Campus community should focus more on God than personality types

While Biola activities tend to attract extroverted students and introverted students sometimes get left behind, community could focus more on God.

Lauralyn Koontz, Writer

For many college students, if you don’t spend your spring breaks drunk on a beach in Florida, you’re wasting your college years. If you don’t date around and meet 50 people a weekend, you’re looked down on for limiting yourself and missing out. The Princeton Review even releases an annual list of the top party schools in the country.

Biola obviously doesn’t advocate drinking, wild partying, or a lot of the things you might find in a sorority house on Greek row at a public university. But does Biola believe that you have to do certain things, to hang out in a certain way with certain types of people, in order to experience college the way you are supposed to?

Biola encourages outgoing community

Biola has clubs, Residence Life, SOS week, AS activities, and even chapels that advocate community — but it is always the same kind of community. It is the face-painted, yelling at the top of your lungs, music too loud to hear anything, Nationball community. Or it is the never close your room door, GYRAD, all-hall, floor event, brother-sister floor breakfast community.

While enjoyable, you could go to every event like those above for four years and still feel alone in your emotions, your faith, and your struggles because they all create camaraderie but neglect true connections. These events are great for laying the foundation and breaking the ice — but when do we take it further?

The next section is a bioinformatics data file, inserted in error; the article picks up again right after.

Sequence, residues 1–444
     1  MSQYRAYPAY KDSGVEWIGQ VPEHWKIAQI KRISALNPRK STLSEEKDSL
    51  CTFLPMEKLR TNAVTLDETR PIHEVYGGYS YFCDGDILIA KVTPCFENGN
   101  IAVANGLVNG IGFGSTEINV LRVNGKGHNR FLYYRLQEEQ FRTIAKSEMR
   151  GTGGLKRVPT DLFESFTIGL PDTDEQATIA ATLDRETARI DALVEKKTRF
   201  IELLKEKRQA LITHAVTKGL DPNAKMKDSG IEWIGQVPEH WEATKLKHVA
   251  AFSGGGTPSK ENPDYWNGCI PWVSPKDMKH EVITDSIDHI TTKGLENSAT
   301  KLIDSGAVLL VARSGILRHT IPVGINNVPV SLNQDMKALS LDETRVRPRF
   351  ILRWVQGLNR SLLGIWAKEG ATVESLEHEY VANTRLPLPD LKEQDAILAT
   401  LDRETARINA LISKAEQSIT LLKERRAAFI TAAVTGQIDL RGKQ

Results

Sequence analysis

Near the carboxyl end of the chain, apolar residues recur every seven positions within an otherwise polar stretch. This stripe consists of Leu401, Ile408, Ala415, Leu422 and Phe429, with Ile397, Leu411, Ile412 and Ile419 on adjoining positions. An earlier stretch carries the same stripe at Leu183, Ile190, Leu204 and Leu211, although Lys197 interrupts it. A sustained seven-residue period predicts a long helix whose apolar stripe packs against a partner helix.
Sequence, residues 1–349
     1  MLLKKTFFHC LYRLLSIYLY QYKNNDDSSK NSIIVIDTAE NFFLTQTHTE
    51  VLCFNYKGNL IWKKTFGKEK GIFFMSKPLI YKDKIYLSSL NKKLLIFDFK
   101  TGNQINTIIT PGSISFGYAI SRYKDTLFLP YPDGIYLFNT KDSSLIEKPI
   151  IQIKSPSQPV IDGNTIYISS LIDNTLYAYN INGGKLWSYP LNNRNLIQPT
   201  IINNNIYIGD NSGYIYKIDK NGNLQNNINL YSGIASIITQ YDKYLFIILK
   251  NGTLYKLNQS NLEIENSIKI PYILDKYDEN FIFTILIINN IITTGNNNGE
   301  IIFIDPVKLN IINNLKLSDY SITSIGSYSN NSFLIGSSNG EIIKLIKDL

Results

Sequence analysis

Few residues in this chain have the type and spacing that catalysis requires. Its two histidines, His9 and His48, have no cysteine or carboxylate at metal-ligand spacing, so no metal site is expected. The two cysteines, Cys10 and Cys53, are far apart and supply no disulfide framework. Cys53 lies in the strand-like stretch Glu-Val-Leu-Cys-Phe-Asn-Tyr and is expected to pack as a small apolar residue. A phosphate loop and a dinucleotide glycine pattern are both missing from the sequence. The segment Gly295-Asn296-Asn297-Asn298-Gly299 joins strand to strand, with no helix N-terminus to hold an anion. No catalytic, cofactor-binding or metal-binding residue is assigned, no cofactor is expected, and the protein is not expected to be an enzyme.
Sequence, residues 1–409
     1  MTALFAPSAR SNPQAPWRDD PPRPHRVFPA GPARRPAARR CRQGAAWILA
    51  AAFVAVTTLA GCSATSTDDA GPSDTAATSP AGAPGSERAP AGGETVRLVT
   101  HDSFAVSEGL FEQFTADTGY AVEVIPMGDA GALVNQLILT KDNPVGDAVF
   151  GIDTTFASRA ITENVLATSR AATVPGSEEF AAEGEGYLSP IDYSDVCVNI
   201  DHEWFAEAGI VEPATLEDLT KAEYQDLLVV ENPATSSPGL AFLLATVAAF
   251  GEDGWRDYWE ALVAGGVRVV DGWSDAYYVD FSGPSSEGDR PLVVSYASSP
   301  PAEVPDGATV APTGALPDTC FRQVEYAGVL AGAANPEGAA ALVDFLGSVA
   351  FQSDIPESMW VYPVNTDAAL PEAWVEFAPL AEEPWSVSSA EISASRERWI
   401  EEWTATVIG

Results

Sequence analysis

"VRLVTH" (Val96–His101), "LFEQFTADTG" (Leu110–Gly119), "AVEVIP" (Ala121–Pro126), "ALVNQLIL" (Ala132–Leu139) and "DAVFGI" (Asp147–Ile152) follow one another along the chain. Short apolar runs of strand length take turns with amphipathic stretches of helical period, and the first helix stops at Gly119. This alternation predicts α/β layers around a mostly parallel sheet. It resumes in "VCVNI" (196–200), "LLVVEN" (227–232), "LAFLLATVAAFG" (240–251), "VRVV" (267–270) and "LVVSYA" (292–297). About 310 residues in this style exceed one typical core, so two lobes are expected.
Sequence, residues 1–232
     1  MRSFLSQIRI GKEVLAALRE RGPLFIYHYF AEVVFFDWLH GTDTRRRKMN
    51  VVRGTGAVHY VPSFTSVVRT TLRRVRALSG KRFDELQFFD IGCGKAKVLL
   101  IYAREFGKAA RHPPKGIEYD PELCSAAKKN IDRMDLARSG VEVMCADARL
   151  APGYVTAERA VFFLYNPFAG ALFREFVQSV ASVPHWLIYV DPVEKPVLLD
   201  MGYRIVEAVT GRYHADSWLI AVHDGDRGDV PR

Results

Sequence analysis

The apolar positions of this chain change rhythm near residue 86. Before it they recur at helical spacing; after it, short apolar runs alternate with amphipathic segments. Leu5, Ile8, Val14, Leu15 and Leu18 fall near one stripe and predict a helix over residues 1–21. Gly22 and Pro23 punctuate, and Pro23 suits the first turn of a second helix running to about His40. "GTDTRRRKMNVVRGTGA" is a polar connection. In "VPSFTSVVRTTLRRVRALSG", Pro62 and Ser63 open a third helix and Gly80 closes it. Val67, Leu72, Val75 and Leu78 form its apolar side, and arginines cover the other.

Disadvantages for quieter students

This one sided approach to community leaves a lot of people behind. What if your idea of a fun Friday night is hanging out in your room with your roommate? Biola discourages the quieter, simpler community that is found behind closed doors.

“Evangelicals tend to gravitate toward extroverts, so the evangelical church sees extroverted people as spiritual,” said Uche Anizor, assistant professor of biblical and theological studies.

This is a mistake we need to stop making. Someone who enjoys jamming with a couple guys with guitars is not a worse Biolan than the one who wishes we had all-campus events every weekend.

Community in different dorms

Sigma Hall, where I have loved living for two years, has the reputation on campus as being quiet and nerdy. Sadly, somewhere along the line, someone decided that a few friends playing video games should be discouraged. In a recent Chimes article discussing the “Chi” controversy, Sigma resident director Michelle Santis said, “My hope is that the name doesn’t just change, but that the associations with the name will become more of a positive one in the years to come.”

I understand Santis wanting people to think of Sigma in a good light. People often assume I live in Sigma because I got stuck there by housing. But why must the entire personality of the dorm change? Those that have congregated in Sigma tend to enjoy a kind of community that differs from that of the newer, larger dorms like Hope Hall or Horton Hall. Instead of embracing Sigma as an oasis for a quieter kind of communion for the introvert, they are doing everything they can to get students out of their rooms and into the lobbies.

Focusing on God

We need to ask ourselves, what is the point of Biola community? I think we all agree that we should be having fun, but also we should be fostering deep human relationships that bring us closer to God. If that’s the case, then we should not only allow for a softer kind of community, we should be promoting it. This might mean toning down the huge events once in a while. An ‘80s bowling night with your dorm floor won’t turn into a heart to heart about God if we never slow down enough to let it.

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